As most of us, I already know my next week work schedule. It includes writing some actions in respond to a requirement for excel exports. It’s nothing new and its’s relatively easy with libraries like NPOI: you just create your excel on the fly and return a FileResult.
Read how to create an excel on the fly inside your action here: http://www.talkingdotnet.com/import-export-excel-asp-net-core-2-razor-pages/
And that could be the end of story for that requirement, but while walking home for the weekend I remembered about the XmlSerializerOutputFormatter I read on Microsoft Docs. The idea was to write my own
ExcelOutputFormatter to respond to client requests with an Excel instead of a JSON.
ASP.NET Core has built-in support for formatting response data, using fixed formats or in response to client requests. Fixed formats could be achieved by using specific action result types like
ContentResult, which return
Content-Type regardless of client preferences. On the other hand, if we want to format our data based on a client request (e.g. based on the
Accept header), we should choose ObjectResult as an action result type that has content negotiation built in to it.
Just a bit off-topic, in total there are 19 action result types that derive from
ActionResult. One of them is the
ObjectResult that we want, and from that another 16 action result types derive! Just check a bigger version of the graph below, to see the entire
Returning to our topic, since we want to use
ObjectResult for its build-in content negotiation and we want to avoid returning an ObjectResult for all our actions, we will take advantage of another .NET framework goody:
When returning a model type (a class you’ve defined as your data transfer type), the framework will automatically wrap it in an
This way, our actions will return a typed result and framework will do the dirty job of choosing the right formatter based on the
Accept header. All we have to do to take advantage of the
ObjectResult build-in goody, is inheriting from the abstract OutputFormatter class and implement what we need.
By studying the OutputFormatter, we can see a few interesting things that we can use in our formatter:
- The only abstract method is the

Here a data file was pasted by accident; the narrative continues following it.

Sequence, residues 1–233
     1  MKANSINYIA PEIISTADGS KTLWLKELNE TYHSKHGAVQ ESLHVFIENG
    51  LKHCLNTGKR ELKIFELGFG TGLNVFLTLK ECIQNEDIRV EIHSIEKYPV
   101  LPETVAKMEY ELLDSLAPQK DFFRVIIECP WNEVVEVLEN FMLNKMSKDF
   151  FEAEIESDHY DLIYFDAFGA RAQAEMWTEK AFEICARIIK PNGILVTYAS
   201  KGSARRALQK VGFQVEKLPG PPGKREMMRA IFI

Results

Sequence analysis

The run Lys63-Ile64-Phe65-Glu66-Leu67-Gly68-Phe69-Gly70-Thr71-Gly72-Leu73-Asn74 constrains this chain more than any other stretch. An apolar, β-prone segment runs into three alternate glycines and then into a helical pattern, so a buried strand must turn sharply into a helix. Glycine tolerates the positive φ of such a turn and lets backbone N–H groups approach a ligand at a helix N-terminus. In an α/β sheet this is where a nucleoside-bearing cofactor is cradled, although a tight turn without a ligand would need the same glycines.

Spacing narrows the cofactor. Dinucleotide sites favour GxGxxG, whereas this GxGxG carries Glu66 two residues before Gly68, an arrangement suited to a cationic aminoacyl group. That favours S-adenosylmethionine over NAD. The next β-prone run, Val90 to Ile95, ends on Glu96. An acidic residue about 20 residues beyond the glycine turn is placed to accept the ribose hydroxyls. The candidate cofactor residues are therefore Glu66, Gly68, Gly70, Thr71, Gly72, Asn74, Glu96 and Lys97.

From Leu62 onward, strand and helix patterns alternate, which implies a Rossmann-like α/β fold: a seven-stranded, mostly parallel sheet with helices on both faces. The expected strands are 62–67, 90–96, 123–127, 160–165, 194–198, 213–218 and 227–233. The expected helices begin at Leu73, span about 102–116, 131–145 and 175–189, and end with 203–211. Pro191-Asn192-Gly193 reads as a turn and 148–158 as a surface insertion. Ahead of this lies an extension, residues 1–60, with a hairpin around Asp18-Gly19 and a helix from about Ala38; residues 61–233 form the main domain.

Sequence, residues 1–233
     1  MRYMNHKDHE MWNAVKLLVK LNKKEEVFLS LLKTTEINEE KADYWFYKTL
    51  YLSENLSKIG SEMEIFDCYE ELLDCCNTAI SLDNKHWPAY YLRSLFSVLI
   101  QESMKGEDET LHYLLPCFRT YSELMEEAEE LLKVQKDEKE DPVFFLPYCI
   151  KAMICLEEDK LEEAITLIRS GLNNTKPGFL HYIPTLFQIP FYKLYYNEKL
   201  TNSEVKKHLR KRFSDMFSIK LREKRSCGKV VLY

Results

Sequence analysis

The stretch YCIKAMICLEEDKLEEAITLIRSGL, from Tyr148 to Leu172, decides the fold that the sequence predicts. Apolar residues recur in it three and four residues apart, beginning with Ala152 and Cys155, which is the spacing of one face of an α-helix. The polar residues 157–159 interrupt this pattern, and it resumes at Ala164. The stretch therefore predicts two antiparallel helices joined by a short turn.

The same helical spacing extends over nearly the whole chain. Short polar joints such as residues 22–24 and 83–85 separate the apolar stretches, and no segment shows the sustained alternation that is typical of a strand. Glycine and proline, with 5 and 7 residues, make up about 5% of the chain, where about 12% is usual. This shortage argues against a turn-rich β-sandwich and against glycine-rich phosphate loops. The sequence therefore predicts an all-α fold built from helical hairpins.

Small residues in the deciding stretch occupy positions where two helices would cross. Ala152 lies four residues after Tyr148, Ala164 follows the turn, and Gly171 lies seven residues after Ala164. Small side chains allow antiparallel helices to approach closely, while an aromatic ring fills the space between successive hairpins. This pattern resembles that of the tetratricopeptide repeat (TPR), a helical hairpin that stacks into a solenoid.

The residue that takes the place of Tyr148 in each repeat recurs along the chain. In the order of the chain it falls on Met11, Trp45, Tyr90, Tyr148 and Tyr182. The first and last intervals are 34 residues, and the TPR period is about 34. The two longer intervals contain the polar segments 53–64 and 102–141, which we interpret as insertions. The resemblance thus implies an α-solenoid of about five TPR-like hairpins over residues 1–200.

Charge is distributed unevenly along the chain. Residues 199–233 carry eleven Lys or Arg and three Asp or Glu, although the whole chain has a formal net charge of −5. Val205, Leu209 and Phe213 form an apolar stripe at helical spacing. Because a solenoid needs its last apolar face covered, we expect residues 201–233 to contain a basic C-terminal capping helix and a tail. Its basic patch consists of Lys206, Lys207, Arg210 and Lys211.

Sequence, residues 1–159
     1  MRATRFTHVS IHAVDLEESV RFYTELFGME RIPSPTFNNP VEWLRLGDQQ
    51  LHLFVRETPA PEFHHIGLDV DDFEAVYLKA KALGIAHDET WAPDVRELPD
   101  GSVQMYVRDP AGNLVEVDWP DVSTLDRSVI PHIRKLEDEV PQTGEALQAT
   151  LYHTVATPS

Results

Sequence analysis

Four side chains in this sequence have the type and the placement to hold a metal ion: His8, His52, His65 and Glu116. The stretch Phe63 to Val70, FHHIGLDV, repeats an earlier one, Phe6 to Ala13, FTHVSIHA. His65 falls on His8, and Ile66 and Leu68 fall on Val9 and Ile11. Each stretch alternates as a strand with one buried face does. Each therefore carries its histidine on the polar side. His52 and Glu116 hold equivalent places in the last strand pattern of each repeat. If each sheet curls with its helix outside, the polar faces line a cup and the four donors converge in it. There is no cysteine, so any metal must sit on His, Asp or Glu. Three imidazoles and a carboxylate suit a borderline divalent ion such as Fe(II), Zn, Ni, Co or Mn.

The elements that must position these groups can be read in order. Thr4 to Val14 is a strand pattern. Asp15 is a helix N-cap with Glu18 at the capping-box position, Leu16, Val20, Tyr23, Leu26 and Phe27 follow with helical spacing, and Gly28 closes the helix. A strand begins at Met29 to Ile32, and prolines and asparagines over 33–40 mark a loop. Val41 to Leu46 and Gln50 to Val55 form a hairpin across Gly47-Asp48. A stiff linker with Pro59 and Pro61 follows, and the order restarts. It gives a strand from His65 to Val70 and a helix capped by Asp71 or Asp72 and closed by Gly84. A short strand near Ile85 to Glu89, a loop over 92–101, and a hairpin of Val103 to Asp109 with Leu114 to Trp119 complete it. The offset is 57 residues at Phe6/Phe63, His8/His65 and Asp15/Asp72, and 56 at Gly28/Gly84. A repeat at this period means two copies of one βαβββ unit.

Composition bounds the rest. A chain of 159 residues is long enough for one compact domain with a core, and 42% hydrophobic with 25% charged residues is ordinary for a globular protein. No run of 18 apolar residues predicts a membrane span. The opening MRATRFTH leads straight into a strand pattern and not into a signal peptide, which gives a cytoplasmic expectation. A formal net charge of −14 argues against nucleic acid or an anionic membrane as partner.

WriteResponseBodyAsync, so we definitely have to implement this.
- The virtual
WriteAsyncmethod acts as a wrapper of
WriteResponseBodyAsync. We want to return Content Disposition Headers, so we will also need to override
- The virtual
CanWriteTypealways returns true, but our formatter can only be applied over a List of objects and not just an object (each excel row will be an object). We can override this method and add this check.
- There is a
SupportedMediaTypesproperty which is used in
GetSupportedContentTypesto check if a formatter is supporting the requested media type. We should add our Media Type in this Collection.
By adding all our observations in a class, we end up with the following skeleton of what we want to achieve:
Open XML SDK 2.5 for Office
Although the first library that came to mind was NPOI, I thought I could grab the chance of learning something new and try the well documented Microsoft Open XML SDK than a port of a java project. The SDK provides a strongly-typed way to manipulate documents that adhere to the Office Open XML File Formats Specification.
A file with the XLSX file extension is a Microsoft Excel Open XML Format Spreadsheet file. It’s an XML-based spreadsheet file created by Microsoft Excel version 2007 and later. Rename .xlsx to .zip and use your favourite ZIP tool explore your Excel Workbooks file structure.
Unfortunately, after some time of reading, Microsoft Open XML SDK turned out to be unnecessary complicated -a lot more that NPOI- and the reason is that the SDK is an one-to-one representation of the XML specification. You end up writing code that seems meaningless. To back up what I say, here is the code I had to write to create an empty Excel in a
There is so much code that looks redundant (specially the
WorksheetPart) and all of that just to get access to a newly created Excel Sheet. I think this SDK definitely needs a wrapper and ideally, a fluent interface wrapper .
Anyway, as above-mentioned, the plus of this API is that has a very good documentation. I only had to browser just a few minutes more on Microsoft Docs to find out how to actually insert text into a cell:
Writing the ExcelOutputFormatter
There is no much left to research at this stage, since we already know everything we need. The complete code that follows is the fully functional formatter with two asterisks:
- We should decouple the dependency our formatter has on
Microsoft Open XML SDK.
- We should set the
Cell.DataTypeto the correct CellValues Enum, based on our
Accept header appears in a request, the framework will try to find a formatter that can produce a response in one of the formats specified by the accept header, and to do this it will iterate through the FormatterCollection. This is a collection accessible through MVC’s configuration in Startup.cs, and formatters added there are evaluated in the order you insert them (the first one takes precedence).
Since no other available formatter can respond to an
Accept:application/vnd.openxmlformats-officedocument.spreadsheetml.sheet header, the
ExcelOutputFormatter can be added at the end:
There are two additional ways to either force a particular response format in an action, or by allowing the client to request a particular format from the URL, both in Microsoft Docs.